The NFL knows how to create a dramatic storyline, and it created a dandy for opening day -- the Tampa Bay Buccaneers at the New York Jets, meaning the return of star cornerback Darrelle Revis.
For the Jets, Revis symbolizes good times from the past. They enjoyed a lot of success together, everything but a Super Bowl, before the ugly divorce last April. Things aren't looking so good for the Jets anymore. For the Bucs, Revis represents hope, perhaps the final piece in an expensive championship puzzle.
Rich Cimini and Pat Yasinskas, the Jets and Bucs team reporters, respectively, discuss Sunday's matchup at MetLife Stadium:
Cimini: There will be a lot of "24" jerseys in the crowd, as Revis was an enormously popular player in New York. The success-starved fan base embraced the "Revis Island" concept, convinced he was theirs forever. Forever ended when owner Woody Johnson refused to pay $16 million a year and traded him. New Yorkers know what Revis can do when healthy, but that's the question: Is his surgically repaired knee all the way back? No one has seen Revis in a game for nearly a year, so there's a natural curiosity. Will he be the Revis of old? Will he play his customary role, covering the No. 1 receiver? Do tell, Pat.
Yasinskas: Rich, the Bucs are fully convinced Revis can be what he used to be. He's had nearly a full year to rehab after surgery and there have been no setbacks. It's true the Bucs have brought him along slowly. He was limited at the start of camp and didn't appear at all in the preseason games. But the Bucs were deliberate in increasing his workload throughout the summer and it was clear all along that the goal was to have him ready for the season opener. The Bucs have high hopes for Revis and believe he'll help fix a pass defense that ranked No. 32 in the league last season. The belief is that Revis can shut down the other team's No. 1 receiver and also allow linebackers and defensive backs to blitz quarterbacks. The Bucs would have drafted a cornerback if they had stayed put at No. 13 in the draft. But they felt Revis was better than any corner they could have selected. They used their second-round pick on cornerback Johnthan Banks, who may be in the starting lineup Sunday. If he is, both the Bucs and the Jets will be starting a rookie cornerback. How has Dee Milliner been doing so far in New York?
Cimini: I'd love to tell you how he's doing, Pat, but I haven't seen a whole lot of him lately. Milliner missed the last two preseason games with a strained calf, although he told us Monday he'll definitely be ready to play. Obviously, he'll be rusty and his conditioning could be an issue as well. In his last game, nearly three weeks ago, he appeared tentative in coverage. Maybe he was concerned about the calf, I don't know, but he gave way too much cushion. Rex Ryan wants his corners to be aggressive in man-to-man coverage, and Milliner was anything but that. In fact, he received an earful from fellow corner Antonio Cromartie during the game. Obviously, the Jets think Milliner has a ton of talent or else they wouldn't have drafted him ninth overall, basically handing him a starting job even though he showed up a few days late because of his contract. But he has a lot to learn. I think he'll have problems with Mike Williams, assuming Cromartie covers Vincent Jackson. But I wonder, can the Bucs get consistent quarterback play out of Josh Freeman to exploit the Revis-less defense?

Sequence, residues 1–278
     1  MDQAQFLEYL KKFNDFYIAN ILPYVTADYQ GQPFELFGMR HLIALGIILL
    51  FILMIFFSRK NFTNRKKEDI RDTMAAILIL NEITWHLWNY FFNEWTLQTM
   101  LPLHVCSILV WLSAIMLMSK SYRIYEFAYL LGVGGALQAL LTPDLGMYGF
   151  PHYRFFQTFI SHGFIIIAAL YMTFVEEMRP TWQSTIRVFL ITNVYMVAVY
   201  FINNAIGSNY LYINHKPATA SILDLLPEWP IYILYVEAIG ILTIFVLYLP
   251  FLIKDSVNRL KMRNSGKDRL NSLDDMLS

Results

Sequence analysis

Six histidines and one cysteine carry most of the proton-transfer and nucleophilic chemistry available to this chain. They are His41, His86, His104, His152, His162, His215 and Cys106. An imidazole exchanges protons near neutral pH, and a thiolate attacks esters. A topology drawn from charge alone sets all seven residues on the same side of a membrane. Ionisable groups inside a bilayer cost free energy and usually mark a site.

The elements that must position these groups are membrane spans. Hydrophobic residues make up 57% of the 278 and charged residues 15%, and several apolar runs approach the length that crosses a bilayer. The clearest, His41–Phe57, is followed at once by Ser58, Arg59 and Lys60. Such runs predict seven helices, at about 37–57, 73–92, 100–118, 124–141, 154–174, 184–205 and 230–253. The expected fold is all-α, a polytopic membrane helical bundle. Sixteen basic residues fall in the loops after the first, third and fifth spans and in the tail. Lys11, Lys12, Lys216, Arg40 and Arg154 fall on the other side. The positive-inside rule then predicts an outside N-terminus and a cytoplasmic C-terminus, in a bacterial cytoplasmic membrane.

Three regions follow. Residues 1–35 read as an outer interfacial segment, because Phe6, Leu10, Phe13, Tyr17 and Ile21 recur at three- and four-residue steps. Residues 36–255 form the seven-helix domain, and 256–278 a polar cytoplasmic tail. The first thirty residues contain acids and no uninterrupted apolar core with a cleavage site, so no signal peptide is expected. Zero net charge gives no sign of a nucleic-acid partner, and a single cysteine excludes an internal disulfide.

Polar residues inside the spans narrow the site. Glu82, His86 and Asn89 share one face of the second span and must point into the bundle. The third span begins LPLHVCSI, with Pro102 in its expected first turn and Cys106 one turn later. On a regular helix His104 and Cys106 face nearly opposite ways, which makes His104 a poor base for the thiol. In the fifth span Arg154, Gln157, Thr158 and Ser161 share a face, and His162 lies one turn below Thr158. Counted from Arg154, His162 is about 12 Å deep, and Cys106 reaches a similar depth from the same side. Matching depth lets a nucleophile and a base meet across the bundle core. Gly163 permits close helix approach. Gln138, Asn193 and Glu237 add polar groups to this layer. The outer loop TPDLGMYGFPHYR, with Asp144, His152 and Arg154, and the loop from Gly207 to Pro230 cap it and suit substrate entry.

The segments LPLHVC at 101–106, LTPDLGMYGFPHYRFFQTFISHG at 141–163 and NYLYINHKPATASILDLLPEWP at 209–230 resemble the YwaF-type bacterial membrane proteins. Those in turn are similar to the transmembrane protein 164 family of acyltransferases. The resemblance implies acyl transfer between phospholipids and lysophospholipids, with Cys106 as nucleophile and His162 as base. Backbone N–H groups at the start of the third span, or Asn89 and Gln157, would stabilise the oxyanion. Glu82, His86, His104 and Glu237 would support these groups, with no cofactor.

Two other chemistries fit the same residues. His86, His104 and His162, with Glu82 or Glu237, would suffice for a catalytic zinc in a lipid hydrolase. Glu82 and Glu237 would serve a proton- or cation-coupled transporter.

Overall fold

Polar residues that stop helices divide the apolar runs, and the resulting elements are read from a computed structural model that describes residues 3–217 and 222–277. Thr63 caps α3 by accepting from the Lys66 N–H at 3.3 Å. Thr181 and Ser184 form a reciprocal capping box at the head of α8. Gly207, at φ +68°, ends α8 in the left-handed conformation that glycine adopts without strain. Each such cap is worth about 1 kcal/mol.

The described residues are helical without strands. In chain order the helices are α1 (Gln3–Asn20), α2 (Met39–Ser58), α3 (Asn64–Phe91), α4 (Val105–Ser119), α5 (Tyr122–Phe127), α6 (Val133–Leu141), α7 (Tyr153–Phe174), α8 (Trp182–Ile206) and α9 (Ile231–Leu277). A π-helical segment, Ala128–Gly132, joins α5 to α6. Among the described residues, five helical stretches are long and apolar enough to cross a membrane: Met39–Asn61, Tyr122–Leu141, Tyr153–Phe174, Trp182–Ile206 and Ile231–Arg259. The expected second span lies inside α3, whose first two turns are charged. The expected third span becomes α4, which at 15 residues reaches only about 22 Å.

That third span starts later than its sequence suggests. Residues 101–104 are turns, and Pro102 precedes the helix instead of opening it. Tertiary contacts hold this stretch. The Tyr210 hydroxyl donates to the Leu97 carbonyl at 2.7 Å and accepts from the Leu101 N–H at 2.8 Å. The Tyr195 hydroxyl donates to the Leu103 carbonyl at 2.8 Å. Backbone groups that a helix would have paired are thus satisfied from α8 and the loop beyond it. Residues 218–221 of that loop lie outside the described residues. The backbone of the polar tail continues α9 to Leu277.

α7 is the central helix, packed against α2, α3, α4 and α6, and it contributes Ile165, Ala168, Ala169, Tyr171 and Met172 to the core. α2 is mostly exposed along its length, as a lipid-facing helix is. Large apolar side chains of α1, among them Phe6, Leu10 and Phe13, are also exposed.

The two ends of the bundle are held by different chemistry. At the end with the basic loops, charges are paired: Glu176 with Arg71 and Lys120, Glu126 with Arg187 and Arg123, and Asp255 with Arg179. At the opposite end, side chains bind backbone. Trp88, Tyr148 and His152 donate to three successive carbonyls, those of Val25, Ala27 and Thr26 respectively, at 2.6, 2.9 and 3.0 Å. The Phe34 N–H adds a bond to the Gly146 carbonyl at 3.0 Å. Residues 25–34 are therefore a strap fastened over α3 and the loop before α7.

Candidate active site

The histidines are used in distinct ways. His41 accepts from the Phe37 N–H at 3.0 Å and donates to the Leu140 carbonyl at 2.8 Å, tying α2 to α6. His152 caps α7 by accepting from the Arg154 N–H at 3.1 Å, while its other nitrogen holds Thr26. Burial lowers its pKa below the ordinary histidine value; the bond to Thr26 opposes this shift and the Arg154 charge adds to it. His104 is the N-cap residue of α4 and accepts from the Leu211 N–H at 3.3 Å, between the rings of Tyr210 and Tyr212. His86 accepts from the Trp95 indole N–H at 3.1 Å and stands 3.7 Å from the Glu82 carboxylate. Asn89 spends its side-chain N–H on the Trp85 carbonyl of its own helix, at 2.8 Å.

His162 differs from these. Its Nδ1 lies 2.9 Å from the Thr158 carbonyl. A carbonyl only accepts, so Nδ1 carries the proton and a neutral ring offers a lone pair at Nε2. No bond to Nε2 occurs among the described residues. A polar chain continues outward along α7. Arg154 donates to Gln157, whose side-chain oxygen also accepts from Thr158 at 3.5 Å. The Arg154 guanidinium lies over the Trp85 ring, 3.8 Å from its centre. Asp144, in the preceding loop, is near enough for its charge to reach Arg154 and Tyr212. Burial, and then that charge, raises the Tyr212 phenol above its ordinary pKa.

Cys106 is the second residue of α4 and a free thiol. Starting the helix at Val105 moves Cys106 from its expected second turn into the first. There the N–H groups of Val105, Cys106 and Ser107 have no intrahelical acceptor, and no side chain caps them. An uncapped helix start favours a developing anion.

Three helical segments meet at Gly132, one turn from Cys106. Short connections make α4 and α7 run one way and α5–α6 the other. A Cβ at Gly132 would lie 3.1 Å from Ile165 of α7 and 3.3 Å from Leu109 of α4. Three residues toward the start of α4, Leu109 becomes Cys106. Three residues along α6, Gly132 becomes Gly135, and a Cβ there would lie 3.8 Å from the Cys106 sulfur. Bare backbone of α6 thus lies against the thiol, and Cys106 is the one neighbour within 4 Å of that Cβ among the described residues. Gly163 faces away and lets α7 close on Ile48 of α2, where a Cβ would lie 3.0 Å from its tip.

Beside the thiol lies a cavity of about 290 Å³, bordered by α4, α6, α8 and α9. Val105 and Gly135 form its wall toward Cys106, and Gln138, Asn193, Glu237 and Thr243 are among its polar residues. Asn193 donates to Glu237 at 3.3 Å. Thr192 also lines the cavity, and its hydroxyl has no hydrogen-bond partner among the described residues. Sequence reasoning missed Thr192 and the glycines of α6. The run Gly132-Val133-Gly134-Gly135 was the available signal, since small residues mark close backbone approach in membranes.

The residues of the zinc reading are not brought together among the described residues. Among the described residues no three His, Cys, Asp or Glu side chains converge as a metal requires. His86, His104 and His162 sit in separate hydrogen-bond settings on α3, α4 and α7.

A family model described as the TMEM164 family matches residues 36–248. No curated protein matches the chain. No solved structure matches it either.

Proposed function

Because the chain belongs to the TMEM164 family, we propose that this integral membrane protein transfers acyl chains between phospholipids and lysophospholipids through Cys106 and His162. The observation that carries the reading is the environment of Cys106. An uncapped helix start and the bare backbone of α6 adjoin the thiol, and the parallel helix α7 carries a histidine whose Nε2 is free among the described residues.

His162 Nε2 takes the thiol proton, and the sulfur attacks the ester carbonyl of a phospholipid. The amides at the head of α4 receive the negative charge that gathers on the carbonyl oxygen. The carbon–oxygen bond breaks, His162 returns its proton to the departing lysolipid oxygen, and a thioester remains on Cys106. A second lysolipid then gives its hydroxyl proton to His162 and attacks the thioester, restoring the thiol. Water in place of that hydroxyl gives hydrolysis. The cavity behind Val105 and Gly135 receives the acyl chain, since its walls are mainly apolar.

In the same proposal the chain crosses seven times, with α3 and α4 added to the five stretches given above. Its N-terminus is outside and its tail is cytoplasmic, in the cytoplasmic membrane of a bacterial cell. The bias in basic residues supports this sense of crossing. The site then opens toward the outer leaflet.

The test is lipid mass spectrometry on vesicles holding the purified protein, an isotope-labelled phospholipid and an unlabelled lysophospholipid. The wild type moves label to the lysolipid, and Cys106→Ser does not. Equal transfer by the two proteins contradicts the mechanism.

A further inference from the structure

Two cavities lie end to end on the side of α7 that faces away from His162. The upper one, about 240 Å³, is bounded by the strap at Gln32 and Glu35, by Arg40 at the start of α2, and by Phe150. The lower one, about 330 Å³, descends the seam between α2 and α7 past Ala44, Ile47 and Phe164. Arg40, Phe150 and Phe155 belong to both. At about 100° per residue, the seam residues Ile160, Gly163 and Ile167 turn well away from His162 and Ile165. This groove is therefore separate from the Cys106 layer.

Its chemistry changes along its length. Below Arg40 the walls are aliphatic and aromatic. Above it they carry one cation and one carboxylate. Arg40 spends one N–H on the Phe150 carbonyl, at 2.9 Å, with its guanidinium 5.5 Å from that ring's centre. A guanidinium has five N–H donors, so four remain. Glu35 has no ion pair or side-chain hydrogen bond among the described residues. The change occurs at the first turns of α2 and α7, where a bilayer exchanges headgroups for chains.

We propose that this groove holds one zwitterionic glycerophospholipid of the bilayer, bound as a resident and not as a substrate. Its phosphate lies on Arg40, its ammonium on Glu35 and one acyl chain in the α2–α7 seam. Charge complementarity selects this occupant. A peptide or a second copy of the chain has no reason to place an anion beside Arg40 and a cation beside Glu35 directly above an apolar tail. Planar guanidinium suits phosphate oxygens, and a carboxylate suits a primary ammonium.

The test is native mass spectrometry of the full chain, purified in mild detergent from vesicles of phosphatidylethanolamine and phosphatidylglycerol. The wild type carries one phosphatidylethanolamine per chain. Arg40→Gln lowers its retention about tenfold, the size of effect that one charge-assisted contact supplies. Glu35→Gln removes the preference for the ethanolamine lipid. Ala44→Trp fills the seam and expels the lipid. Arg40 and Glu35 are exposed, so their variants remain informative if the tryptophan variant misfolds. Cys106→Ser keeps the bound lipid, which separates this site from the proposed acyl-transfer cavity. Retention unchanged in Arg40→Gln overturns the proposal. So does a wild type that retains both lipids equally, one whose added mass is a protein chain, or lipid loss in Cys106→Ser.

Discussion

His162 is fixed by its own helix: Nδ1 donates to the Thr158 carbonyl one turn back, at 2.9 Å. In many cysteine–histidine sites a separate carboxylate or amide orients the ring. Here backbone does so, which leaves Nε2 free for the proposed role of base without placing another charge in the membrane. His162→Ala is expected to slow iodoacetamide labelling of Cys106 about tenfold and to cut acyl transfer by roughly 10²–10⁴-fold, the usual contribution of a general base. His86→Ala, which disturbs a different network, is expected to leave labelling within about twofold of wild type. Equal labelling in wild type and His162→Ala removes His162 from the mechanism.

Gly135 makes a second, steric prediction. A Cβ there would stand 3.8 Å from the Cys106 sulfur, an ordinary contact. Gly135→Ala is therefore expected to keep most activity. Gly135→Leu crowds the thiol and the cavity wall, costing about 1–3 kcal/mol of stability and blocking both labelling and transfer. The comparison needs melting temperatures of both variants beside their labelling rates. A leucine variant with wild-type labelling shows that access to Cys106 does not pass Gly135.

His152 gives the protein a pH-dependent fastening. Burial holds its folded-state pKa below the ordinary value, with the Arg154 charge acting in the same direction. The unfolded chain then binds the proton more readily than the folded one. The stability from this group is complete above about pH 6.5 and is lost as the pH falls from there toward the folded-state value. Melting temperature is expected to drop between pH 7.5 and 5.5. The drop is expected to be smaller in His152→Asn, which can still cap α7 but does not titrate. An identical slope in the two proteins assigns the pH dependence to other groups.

Yasinskas: Consistency is the big issue when it comes to Freeman. He got off to a great start last year and had the Bucs at 6-4. At that time, it looked like the Bucs certainly wold lock up Freeman with a long-term contract. But Freeman cooled off late last season. He had 10 interceptions over three disastrous games. That convinced the Bucs to hold off on signing him for the long term. They're letting him go into a contract year and it's a "prove it" situation, especially after the Bucs used a third-round pick on Mike Glennon. But Freeman's the starter for now and I think he's ready to become a good quarterback. He has good talent at the skill positions and needs to rely on those players instead of trying to carry the team by himself. In the past, that's when Freeman has gotten himself in trouble. Speaking of quarterbacks, how ready is Geno Smith to lead the Jets?
Cimini: First, a quick story about Freeman. The Jets' scouts actually had him graded higher than Mark Sanchez before the '09 draft, but they adjusted the grades after Sanchez's personal workout and interviews. I wonder how things would've played out if the Jets had picked Freeman. As for Smith, he's not ready, no way, but the Jets have no choice because Sanchez's throwing shoulder is banged up. Smith played less than four quarters in the preseason (69 snaps, to be exact) and he played poorly in his only extended outing -- three interceptions and a safety. He could've benefited from a few weeks on the bench, learning his craft. He has no experience in a pro-style offense. At West Virginia, he played in the "Air Raid" attack, working exclusively out of shotgun. The coaches will simplify the game plan, but he'll still be seeing a lot of stuff for the first time. He has an electric arm, but there will be growing pains.